So, why did I write this blog?  For one simple reason, these bodies that we live in are in a delicate balance and if something goes even a little off, it can have dramatic effects.  You are your best indicator when something is wrong.  Trust your gut, intuition, or whatever you may call it and if you have learned not to listen to it, start trusting it again.  Relearn to listen.  Your quality of life depends on it.

Now comes the part, where I remind you about the whole balance thing, do not panic and start self diagnosing and treatment planning, so do not just add an iodine supplement without your doctor's knowledge.  If you feel like this is an issue, start a dialogue with your medical professionals!  I have a very specific plan put in place by my doctors, nutritionist, and myself (cause I'm the one who has to do it) to build my iodine levels.  Be smart and find your balance of advocating for your health and trusting your medical team (whether traditional Western medicine or holistic or a combination, which is what I use).

I hope you never have to travel down this road, or any health crisis road, but if you are struggling, I hereby offer my hand, advice and encouragement to hang in there, because as I have learned your health is nothing to take for granted....

Healing...
Melissa

Wednesday, May 4, 2016

Foodie Adventures...

I figured since I gave updates about my reading challenge that I would do it as well for my 2016 Food Challenge as well....  Here is a link to the Full Challenge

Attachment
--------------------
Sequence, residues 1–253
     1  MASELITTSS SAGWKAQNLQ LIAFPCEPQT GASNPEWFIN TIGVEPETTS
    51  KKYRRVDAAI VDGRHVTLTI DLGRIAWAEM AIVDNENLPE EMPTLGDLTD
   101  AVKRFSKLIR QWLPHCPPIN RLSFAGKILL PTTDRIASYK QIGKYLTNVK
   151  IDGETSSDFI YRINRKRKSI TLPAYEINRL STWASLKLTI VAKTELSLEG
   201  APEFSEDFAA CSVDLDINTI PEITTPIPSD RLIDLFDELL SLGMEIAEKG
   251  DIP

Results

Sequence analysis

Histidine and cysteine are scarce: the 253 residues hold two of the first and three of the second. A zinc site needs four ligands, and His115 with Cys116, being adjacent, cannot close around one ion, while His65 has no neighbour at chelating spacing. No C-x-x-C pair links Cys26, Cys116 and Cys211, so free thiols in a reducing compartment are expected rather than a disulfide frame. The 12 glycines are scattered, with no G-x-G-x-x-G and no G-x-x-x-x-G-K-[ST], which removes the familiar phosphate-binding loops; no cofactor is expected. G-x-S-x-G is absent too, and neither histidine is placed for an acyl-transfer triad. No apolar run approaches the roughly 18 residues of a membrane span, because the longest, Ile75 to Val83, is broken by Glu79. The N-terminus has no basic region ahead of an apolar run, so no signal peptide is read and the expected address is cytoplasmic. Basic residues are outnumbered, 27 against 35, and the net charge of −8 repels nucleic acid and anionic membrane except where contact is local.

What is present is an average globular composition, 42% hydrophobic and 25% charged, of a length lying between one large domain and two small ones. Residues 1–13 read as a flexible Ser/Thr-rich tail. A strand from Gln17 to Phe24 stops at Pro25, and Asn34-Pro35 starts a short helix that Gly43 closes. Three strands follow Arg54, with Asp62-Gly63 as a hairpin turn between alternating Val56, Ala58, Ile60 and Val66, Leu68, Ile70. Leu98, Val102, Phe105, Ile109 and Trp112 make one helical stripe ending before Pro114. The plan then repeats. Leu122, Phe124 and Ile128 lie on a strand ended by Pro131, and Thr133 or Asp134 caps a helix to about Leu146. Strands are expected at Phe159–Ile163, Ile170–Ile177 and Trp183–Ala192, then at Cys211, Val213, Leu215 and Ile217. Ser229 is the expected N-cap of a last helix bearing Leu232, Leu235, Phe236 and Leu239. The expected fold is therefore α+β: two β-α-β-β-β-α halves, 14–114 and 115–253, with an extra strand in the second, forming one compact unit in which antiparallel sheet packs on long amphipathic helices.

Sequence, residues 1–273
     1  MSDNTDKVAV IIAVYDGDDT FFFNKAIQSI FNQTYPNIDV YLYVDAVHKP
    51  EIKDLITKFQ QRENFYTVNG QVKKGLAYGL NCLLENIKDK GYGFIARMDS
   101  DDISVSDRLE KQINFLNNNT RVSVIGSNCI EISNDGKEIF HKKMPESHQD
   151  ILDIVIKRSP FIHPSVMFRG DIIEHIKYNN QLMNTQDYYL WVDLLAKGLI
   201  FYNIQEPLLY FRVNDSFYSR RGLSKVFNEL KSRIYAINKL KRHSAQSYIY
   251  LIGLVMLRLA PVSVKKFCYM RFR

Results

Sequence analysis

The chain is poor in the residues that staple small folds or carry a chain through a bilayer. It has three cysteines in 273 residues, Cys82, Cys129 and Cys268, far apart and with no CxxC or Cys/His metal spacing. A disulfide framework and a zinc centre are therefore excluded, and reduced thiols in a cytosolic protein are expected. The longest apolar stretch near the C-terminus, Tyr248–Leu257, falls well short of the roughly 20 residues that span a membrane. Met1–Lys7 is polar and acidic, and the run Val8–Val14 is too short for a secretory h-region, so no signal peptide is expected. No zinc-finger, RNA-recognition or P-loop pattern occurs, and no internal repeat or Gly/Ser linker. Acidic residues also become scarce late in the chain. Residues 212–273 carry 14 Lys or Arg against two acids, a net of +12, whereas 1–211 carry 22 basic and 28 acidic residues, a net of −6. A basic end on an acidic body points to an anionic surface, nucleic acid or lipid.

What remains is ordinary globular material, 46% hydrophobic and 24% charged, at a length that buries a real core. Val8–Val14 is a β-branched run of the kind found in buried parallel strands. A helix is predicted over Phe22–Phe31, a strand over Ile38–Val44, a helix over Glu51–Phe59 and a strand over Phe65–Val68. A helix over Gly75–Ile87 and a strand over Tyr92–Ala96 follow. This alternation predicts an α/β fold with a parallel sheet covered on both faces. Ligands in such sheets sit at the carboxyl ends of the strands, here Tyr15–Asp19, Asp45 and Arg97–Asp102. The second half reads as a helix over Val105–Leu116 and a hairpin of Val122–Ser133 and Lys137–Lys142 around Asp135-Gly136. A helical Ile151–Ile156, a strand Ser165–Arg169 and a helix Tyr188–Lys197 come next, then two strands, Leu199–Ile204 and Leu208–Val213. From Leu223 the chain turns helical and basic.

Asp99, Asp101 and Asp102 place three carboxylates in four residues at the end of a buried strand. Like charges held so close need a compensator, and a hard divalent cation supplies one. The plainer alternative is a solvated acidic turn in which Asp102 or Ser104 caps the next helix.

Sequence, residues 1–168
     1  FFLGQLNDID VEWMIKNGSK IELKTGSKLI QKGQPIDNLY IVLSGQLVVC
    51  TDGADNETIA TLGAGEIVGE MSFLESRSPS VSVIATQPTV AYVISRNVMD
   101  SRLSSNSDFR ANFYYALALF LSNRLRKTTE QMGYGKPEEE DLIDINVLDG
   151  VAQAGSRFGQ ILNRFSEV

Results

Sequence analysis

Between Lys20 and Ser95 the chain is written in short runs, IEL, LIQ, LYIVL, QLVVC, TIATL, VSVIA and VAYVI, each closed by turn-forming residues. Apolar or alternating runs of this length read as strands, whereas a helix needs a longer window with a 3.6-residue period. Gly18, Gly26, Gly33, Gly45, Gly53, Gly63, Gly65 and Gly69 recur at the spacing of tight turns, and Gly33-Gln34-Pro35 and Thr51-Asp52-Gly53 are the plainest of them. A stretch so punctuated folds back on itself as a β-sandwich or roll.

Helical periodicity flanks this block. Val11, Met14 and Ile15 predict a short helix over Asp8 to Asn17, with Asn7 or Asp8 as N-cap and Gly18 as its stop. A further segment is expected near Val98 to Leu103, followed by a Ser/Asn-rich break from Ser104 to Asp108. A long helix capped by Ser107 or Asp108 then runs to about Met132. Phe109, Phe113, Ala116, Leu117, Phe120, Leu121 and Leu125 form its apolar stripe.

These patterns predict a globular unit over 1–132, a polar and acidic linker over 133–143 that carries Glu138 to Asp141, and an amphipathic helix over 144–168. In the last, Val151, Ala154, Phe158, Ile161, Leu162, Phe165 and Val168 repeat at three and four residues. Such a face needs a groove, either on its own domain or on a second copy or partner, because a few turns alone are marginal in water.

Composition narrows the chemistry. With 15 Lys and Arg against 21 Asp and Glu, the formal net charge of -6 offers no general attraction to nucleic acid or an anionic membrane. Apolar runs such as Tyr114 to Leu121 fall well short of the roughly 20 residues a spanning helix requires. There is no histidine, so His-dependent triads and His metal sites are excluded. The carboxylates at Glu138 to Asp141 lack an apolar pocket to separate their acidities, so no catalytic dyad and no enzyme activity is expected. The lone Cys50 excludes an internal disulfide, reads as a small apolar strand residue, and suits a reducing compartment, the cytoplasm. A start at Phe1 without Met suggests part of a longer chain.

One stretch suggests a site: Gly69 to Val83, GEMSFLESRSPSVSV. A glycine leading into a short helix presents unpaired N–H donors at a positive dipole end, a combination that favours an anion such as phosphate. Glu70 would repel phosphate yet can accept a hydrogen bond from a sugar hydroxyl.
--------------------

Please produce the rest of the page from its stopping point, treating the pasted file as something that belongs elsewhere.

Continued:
2.  Learn a new cooking technique.

     I made Baked Alaska in February for Baked Alaska Day, February 1st if you were wondering.  It was adventure!  The new technique came with the meringue that would be topping the dessert.  This is what I learned, sometimes the right tool can make all the difference!  I had two batches of mini Baked Alaskans and with the first one I used a hand mixer to whip up the heated egg whites and sugar.  I mixed and mixed and mixed and finally got it to what I thought was the right consistency and applied it to the ice cream and cake.  When they came out of the oven, they looked like bunny slopes, not mountain peaks......  Round two, I figured out a way to heat up the egg whites and sugar in my bowl of my kitchen aid mixer and then used the whisk attachment and whipped up the meringue in no time flat and when they came out of the oven, mountain peaks!!!!  If you want a more details and photos, here's MORE

3.  Go meatless on Monday for a month.

     In January, I made a point of eating more vegetarian meals, not just going meatless on Mondays, but at least 2 other times a week as well.   I continued this in February, March, and April...

40. Do a pantry clean out challenge.  (Don't buy anything except fresh veggies for a month)

      The month of February was when I tackled this and will do this once a year...  Details about it are here....

19. Learn how to sharpen a knife.
24. Learn a new French knife skill.

       On March 9th, I took a Knife Skills class at Harmon's, who knew they had a cooking school, but they do and it's AMAZING!  I learned how to sharpen knives and a whole lot of other great tips.  It turns out that the way I had been holding my knife was not the safest and the difference in the grip while cutting is huge!  I got a new knife out of the class, plus I got to take all of the veggies I had chopped up while learning home....  A great experience.

1.   Clean out and reorganize your fridge.